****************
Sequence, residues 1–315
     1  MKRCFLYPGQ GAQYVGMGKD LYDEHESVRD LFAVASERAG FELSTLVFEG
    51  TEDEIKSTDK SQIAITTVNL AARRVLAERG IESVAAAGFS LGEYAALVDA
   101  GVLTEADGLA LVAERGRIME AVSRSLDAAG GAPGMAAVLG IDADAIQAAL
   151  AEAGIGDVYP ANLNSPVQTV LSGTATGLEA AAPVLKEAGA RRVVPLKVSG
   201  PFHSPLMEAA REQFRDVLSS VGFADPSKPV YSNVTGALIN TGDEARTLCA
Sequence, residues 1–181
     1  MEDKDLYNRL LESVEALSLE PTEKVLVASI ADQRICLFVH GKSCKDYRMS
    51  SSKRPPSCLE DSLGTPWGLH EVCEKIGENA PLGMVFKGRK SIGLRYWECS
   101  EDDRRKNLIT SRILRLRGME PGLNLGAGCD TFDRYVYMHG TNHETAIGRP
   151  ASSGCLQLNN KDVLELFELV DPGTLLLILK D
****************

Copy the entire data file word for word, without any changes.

Sequence, residues 1–315
     1  MKRCFLYPGQ GAQYVGMGKD LYDEHESVRD LFAVASERAG FELSTLVFEG
    51  TEDEIKSTDK SQIAITTVNL AARRVLAERG IESVAAAGFS LGEYAALVDA
   101  GVLTEADGLA LVAERGRIME AVSRSLDAAG GAPGMAAVLG IDADAIQAAL
   151  AEAGIGDVYP ANLNSPVQTV LSGTATGLEA AAPVLKEAGA RRVVPLKVSG
   201  PFHSPLMEAA REQFRDVLSS VGFADPSKPV YSNVTGALIN TGDEARTLCA
Sequence, residues 1–181
     1  MEDKDLYNRL LESVEALSLE PTEKVLVASI ADQRICLFVH GKSCKDYRMS
    51  SSKRPPSCLE DSLGTPWGLH EVCEKIGENA PLGMVFKGRK SIGLRYWECS
   101  EDDRRKNLIT SRILRLRGME PGLNLGAGCD TFDRYVYMHG TNHETAIGRP
   151  ASSGCLQLNN KDVLELFELV DPGTLLLILK D